Plan for server-to-server authentication in SharePoint 2013 Plan for server-to-server authentication for SharePoint 2013 and other servers that support the server-to-server protocol.
Plan the Secure Store Service in SharePoint Server 2013 Plan for Secure Store Service and service application requirements, and for target applications and credential mappings.
Plan for Kerberos authentication in SharePoint 2013 Plan for Kerberos authentication in SharePoint 2013 for Windows and claims-based authentication.
Server-to-server authentication and user profiles in SharePoint Server 2013 Plan user profiles for server-to-server authentication in SharePoint Server 2013.

Authentication overview for SharePoint 2013

how user, app, and server-to-server authentication works in SharePoint 2013.

SharePoint 2013 requires authentication for the following types of interactions:

•Users who access on-premises SharePoint resources

•Apps that access on-premises SharePoint resources

•On-premises servers that access on-premises SharePoint resources, or vice versa

User authentication in SharePoint 2013

User authentication is the validation of a user’s identity against an authentication provider, which is a directory or database that contains the user’s credentials and can verify that the user submitted them correctly. User authentication occurs when a user attempts to access a SharePoint resource.

SharePoint 2013 supports two authentication types for user authentication:

•Claims-based authentication

•Windows classic mode authentication

The result of a claims-based authentication is a claims-based security token, which the SharePoint Security Token Service (STS) generates. The result of a Windows classic mode authentication is a Windows security token. We recommend that you use claims-based authentication for user authentication.

SharePoint 2013 supports Windows, forms-based, and Security Assertion Markup Language (SAML)-based claims authentication

App authentication in SharePoint 2013

App authentication is the validation of a remote SharePoint app’s identity and the authorization of the app and an associated user of a secured SharePoint resource request. App authentication occurs when an external component of a SharePoint Store app or an App Catalog app, such as a web server that is located on the intranet or the Internet, attempts to access a secured SharePoint resource.

For example, suppose that a user opens a SharePoint page that contains an IFRAME of a SharePoint app, and that IFRAME needs an external component, such as a server on the intranet or the Internet, to access a secured SharePoint resource in order to render the page. The external component of the SharePoint app must be authenticated and authorized so that SharePoint provides the requested information and the app can render the page for the user.

Note that if the SharePoint app does not require a SharePoint secured resource to render the page for the user, app authentication is not needed. For example, a SharePoint app that provides weather forecast information and only has to access a weather information server on the Internet does not have to use app authentication. This type of application can be done with SharePoint 2010 Products.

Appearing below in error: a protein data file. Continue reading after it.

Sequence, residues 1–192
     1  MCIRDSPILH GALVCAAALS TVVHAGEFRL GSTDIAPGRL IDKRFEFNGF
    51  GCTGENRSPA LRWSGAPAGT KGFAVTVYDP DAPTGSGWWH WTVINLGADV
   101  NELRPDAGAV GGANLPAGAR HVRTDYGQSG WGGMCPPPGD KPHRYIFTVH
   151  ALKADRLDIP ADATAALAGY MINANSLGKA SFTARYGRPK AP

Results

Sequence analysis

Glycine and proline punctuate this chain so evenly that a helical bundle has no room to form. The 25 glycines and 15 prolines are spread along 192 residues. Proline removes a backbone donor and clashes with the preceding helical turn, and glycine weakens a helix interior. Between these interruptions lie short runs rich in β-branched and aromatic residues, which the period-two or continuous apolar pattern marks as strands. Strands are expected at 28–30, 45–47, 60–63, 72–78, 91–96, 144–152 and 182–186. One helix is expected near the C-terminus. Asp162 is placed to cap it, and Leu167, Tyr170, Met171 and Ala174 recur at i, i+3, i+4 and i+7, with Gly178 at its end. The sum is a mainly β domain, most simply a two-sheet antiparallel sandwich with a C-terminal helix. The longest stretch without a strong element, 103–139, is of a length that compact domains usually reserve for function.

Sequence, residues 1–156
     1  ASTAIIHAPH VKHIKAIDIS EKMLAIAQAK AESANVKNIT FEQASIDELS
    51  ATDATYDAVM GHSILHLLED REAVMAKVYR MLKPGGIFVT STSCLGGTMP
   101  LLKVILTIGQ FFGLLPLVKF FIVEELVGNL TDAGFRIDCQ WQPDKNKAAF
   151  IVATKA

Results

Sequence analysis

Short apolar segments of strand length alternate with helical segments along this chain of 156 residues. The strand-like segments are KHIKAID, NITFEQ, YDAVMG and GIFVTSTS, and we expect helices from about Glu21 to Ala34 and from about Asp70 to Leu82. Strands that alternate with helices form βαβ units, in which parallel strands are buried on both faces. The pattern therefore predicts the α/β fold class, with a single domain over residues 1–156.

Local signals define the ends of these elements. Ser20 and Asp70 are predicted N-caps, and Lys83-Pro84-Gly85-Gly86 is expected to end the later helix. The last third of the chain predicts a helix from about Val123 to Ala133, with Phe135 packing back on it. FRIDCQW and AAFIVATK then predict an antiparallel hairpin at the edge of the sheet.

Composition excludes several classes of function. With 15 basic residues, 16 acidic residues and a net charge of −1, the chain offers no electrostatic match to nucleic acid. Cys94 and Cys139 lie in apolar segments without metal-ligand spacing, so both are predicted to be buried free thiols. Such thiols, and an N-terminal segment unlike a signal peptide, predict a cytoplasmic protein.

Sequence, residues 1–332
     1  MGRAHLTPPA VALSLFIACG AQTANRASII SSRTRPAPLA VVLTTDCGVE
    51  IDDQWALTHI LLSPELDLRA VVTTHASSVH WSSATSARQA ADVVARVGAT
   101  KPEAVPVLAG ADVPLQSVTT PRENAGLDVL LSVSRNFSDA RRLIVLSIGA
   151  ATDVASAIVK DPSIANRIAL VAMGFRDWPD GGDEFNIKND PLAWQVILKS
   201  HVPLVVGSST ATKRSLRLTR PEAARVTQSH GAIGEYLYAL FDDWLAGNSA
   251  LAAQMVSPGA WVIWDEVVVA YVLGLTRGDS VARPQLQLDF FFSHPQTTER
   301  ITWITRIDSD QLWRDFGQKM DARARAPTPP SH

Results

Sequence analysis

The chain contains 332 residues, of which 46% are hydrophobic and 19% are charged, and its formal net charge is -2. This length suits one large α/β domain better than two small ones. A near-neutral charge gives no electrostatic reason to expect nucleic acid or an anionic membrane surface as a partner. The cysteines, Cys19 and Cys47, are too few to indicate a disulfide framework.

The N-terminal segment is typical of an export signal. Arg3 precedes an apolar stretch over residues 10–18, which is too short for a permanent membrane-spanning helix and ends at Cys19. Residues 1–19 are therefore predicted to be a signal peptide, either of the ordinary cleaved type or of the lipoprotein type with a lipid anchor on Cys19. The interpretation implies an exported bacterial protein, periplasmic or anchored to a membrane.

App authentication is a combination of two processes:

•Authentication

Verifying that the application has registered correctly with a commonly trusted identity broker

•Authorization

Verifying that the application and the associated user for the request has the appropriate permissions to perform its operation, such as accessing a folder or list or executing a query

To perform app authentication, the application obtains an access token either from the Microsoft Azure Access Control Service (ACS) or by self-signing an access token using a certificate that SharePoint 2013 trusts. The access token asserts a request for access to a specific SharePoint resource and contains information that identifies the app and the associated user, instead of the validation of the user’s credentials. The access token is not a logon token.

For SharePoint Store apps, an example of the authentication process is as follows:

1.A user opens a SharePoint web page that contains an IFRAME that has to be rendered by a SharePoint Store app, which is hosted on the Internet and uses ACS as its trust broker. To render the IFRAME for the user, the SharePoint Store app must access a SharePoint resource.

2.The SharePoint STS requests and receives a context token from ACS.

3.SharePoint sends the requested web page together with the context token to the user’s web browser.

4.The user’s web browser sends a request for the IFRAME’s content and the context token to the SharePoint Store app server on the Internet.

5.The SharePoint Store app server requests and receives an access token from ACS.

6.The SharePoint Store app server sends the SharePoint resource request and the access token to the SharePoint server.

7.The SharePoint server authorizes the access, checking both the app’s permissions, which were specified when the app was installed, and the associated user’s permissions.